AT&T Will Reimburse Customers for Massive Feb. 22 Outage


We’re in an age where we rely on our cellphones to communicate, work, and pretty much function. So when a major network goes down for the better part of the day, it’s apt to wreak havoc.

That’s exactly what happened on Feb. 22. AT&T customers were forced to go without service during a nearly 12-hour outage — many users were unable to make calls, send or receive text messages, and use the internet.

It was an aggravating experience for many people for sure. But for some, there were financial repercussions.

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These days, many people who are self-employed or own small businesses use their cellphones for voice communication rather than pay for a landline. It’s conceivable that people in that boat — as well as people who couldn’t access the internet on their phones — lost money during that extended communication outage.

Now, AT&T is taking steps to make its customers whole by offering a credit to those affected on Feb. 22. But the credit is pretty small, and it’s not available to everyone.

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Does a $5 payday make up for 12 hours of frustration?

AT&T has announced that it will be issuing eligible customers a $5 credit as an apology of sorts for the massive outage that occurred last week. And if you’re thinking, “Hmm, that’s not a whole lot of money,” well, you’d be right.

It’s conceivable that some people lost hundreds of dollars in income that day due to a lack of cell coverage and internet access. So while $5 to put into a savings account is better than nothing, it may not be nearly enough to make certain customers whole.

It’s also worth noting that AT&T will not be issuing a $5 credit to customers who are signed up for its Business or Prepaid plans. Customers with Cricket Wireless accounts, which AT&T acquired in 2014, also won’t get the credit.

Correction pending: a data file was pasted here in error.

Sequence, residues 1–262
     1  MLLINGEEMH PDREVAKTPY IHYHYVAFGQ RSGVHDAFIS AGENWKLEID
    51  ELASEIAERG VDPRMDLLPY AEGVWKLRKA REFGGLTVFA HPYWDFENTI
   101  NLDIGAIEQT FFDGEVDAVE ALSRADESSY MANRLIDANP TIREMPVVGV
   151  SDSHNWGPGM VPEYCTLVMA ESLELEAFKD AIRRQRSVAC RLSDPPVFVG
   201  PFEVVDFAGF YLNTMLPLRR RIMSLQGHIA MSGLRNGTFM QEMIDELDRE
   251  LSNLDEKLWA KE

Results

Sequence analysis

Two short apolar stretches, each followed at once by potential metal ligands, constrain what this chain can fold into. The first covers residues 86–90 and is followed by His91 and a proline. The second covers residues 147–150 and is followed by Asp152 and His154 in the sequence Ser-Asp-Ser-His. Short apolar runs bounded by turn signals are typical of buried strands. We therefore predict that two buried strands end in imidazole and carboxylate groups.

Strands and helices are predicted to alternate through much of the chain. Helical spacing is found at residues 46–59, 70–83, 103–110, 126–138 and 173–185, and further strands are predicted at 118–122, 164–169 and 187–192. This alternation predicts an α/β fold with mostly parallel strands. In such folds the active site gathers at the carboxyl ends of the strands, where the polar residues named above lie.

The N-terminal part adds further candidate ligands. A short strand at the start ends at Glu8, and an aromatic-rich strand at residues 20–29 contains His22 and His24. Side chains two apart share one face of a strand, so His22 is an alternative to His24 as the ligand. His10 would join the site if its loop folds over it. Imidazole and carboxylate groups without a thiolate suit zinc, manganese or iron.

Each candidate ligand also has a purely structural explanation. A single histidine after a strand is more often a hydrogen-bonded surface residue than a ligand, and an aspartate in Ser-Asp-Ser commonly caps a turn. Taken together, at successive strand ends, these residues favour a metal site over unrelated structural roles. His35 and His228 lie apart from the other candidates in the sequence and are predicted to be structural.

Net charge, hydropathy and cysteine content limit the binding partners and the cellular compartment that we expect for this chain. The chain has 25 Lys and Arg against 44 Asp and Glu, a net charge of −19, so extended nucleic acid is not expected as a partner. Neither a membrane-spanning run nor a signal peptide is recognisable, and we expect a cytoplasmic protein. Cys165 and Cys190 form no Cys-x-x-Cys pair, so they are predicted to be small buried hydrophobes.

What to do the next time your cell or internet service goes out

AT&T’s broad 12-hour outage was fairly unusual in terms of its scope and length. Though cellphone and home internet outages are pretty common, what made this recent one unique was the number of customers impacted and the number of hours it took until the situation was resolved.

Unfortunately, as a customer, you can’t predict when an outage will occur. But if your wireless carrier or internet provider lets you down, and it affects your income, speak up.

First, don’t assume that your carrier knows about the issue at hand. When your service goes out, report it at once.

Next, document the amount of time your service is out. Then, once it’s restored, call and request compensation.

Of course, you’re not necessarily going to get compensated for lost income on a dollar-for-dollar basis. Let’s say you’re a sales representative who normally earns $200 in commissions per day. If your cell service is out for eight hours and it costs you $200, don’t expect your carrier to send you a $200 check.

However, in that situation, it may be willing to cough up much more than a $5 credit. You may, for example, not have to pay for cell service that entire month. Or it might issue you a $50 credit, which is better than nothing.

It’s OK to complain

It’s not always so great to be that person who needs to speak to the manager every single time there’s a snag with a service you receive. But you shouldn’t hesitate to complain when your cell or internet service goes down for an unusual period of time.

This doesn’t mean you should be on the phone to your provider every time there’s a 10-minute interruption. But for an hours-long outage, definitely speak up.

That holds true for AT&T customers as well. Although the company has announced plans to issue $5 credits for those impacted by last week’s events, you never know if you might be able to negotiate a better payout. So it’s worth making that call — that is, if your cell service is functional enough to allow you to.

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